But faith is a process, and if you don’t question things, you can’t grow.

Self care, prayer and meditation have helped me to regain balance and reconnect with my personal relationship with God. I don’t read the Bible much but I believe in its power of guidance and instruction in life. Therefore, when I read the Bible, some pieces of Scripture give me a sense of direction and comfort.  

"Peace I leave with you; my peace I give to you; not as the world gives do I give to you. Let not your hearts be troubled, neither let them be afraid"
John 14:27 RSVCE (Revised Standard Version Catholic edition)

"Have no anxiety about anything, but in everything by prayer…let your requests be known to God"
Philippians 4:6-7 RSVCE

Sometimes I get worked up about the past, present and future and I want to shake myself and say, Funmi. Sis. WHY WERE YOU STRESSING WHEN YOU COULD’VE JUST PRAYED??? To all my fellow humans with anxiety, stress less, pray more. That’s not to say you shouldn’t take active steps towards your goals, but if you’ve done all you can, be secure in a positive intention and you can never lose, even in the face of disappointment. You are enough. Intention is a powerful tool that can help bridge the gap between situation and expectation. Trust your intuition, pray, and act. Nothing is permanent, you will get through it. Open yourself up completely, though it means you will experience pain, you will also experience fullness of joy.

Whether we are religious or not, I’m sure we can all say that we had certain ideas about what we wanted from situations or life at large, but feel differently now. I like to think that God is all-knowing so one thing I have been implementing in my prayer and intentions is openness. And being open is partly accepting that the good and the bad won’t last forever. This takes trust and it's really hard.The change involved with life is the only thing we can be sure of.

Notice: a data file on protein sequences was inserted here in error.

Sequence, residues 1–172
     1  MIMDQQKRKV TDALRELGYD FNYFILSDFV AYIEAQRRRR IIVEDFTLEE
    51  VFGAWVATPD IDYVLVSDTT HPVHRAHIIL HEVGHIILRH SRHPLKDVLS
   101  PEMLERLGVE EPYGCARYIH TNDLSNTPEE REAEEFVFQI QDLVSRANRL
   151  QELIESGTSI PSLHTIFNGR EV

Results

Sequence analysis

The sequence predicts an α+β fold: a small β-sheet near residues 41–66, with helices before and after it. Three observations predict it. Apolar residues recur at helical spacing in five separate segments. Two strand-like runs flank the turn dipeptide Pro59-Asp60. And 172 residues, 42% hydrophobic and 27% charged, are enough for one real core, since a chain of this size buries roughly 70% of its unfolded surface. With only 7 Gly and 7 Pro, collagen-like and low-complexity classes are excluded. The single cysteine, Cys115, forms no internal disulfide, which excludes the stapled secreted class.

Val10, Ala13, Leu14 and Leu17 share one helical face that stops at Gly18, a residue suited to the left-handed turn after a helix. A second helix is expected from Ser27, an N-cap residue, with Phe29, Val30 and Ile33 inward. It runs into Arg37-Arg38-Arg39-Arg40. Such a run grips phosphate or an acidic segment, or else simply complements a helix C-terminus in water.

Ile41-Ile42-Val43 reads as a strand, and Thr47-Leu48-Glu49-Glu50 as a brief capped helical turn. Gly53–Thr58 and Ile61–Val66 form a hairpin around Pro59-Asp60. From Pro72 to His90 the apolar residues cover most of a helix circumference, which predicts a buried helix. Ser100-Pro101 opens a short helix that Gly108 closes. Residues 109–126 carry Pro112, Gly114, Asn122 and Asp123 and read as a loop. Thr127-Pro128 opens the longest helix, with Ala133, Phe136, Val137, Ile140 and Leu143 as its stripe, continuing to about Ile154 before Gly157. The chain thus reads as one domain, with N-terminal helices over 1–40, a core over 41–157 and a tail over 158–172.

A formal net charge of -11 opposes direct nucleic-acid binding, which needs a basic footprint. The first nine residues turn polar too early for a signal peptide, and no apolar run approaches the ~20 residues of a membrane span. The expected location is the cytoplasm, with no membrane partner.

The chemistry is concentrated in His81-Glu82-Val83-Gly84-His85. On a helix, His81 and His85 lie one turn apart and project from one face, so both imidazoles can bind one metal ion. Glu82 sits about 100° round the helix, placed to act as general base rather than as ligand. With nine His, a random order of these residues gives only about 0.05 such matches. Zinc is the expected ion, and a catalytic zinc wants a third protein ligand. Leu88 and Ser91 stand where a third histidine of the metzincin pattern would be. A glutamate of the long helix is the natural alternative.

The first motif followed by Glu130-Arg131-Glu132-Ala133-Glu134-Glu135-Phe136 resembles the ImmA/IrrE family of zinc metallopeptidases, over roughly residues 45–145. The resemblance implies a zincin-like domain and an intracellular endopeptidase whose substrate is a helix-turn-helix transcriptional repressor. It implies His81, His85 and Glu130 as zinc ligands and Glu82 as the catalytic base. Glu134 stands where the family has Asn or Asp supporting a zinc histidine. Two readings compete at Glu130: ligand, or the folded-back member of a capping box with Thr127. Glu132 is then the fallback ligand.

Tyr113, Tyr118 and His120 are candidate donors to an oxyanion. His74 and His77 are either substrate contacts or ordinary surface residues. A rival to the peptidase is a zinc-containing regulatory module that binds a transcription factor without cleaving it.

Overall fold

Many things have helped me keep my head up through the ups and downs of the spiritual journey that is faith. The realization that faith is a personal concept, constantly reassures me. Understanding this has been important to my spiritual journey in that it helps me to focus on self-growth without being weighed down with the imperfections that define the church. In addition, creating safe spaces to debate elements of the Catholic faith and Christianity at large with other individuals is a healthy way to make your perspective known and share experiences. Lastly, realising that the pursuit of a spiritual journey is not all in vain is something that took a long time for me. I still struggle with belief and trusting that things will get better at times when I feel stuck. The key is accepting how you feel so no feelings go unresolved. 

Religious institutions, including the Catholic church have failed in the past, and will continue to fail us. This is because they are man-made institutions that can’t be perfect, no matter how well intentioned. This is why it was important to me to personalize faith, to ensure that the very concept is not burdened with the hypocrisy and failings of these insitutions.

Getting over doubt requires trust in the constant and unconditional love of God. Spiritual journeys ultimately constitute an ongoing process and I hope that even one aspect of this resonates with someone, or at least promotes much needed conversation.

Love Always, 

Funmi Lijadu